NYDN: Singapore invokes fake news law in death row scandal

World News

Allegations of deplorable behavior inflicted on Singapore death row prisoners has its government crying it’s fake news.

Now, the Asian nation’s government is employing controversial “fake news” legislation in order to squelch claims the prisoners are occasionally kicked to death to ensure their neck snaps during botched hangings.

A former executioner at Singapore’s Changi Prison claimed to a Malaysian human rights group that he and other jail officers were secretly ordered to repeatedly kick the back of the neck of inmates who failed to die from bungled hangings, reported the Australian Broadcasting Corporation on Friday.

The unidentified killer added that he and other prison officers had special instruction to work in pairs to break the doomed prisoners’ necks.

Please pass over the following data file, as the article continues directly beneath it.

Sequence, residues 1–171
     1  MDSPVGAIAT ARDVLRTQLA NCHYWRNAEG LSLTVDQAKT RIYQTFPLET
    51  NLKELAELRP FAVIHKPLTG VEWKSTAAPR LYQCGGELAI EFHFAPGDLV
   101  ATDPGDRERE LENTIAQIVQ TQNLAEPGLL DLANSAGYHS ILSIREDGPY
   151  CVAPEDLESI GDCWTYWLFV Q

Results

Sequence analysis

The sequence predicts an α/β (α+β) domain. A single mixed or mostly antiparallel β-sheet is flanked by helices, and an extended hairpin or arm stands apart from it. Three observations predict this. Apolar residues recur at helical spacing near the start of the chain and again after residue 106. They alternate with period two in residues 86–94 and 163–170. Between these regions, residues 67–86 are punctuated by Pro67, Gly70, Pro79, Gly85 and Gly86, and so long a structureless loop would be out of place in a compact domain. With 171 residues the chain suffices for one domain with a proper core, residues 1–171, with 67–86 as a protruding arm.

“The officers are told not to kick more than two times, so that there will be no telltale marks in case there is an autopsy,” asserted the group Lawyers for Liberty.

But the Singaporean government is calling the stunning allegations absurd, denying it has ever killed a death row prisoner in that fashion.

“For the record, the rope used for judicial executions has never broken before,” said the government in a statement. “This fact alone shows the falsity of Lawyers for Liberty’s allegations.”

In 2019, Singapore promoted its Protection from Online Falsehoods and Manipulation Act in a bid to protect national security and free speech, according to the ABC.

But groups argue that the law will instead be used to halt government criticism.

“This is all about Singapore’s effort to censor news that they don’t like,” argued Human Rights Watch spokesman Phil Robertson.
Malaysians are believed to make up the majority of death row prisoners in Singapore; most of the convictions are for drug trafficking, according to a report.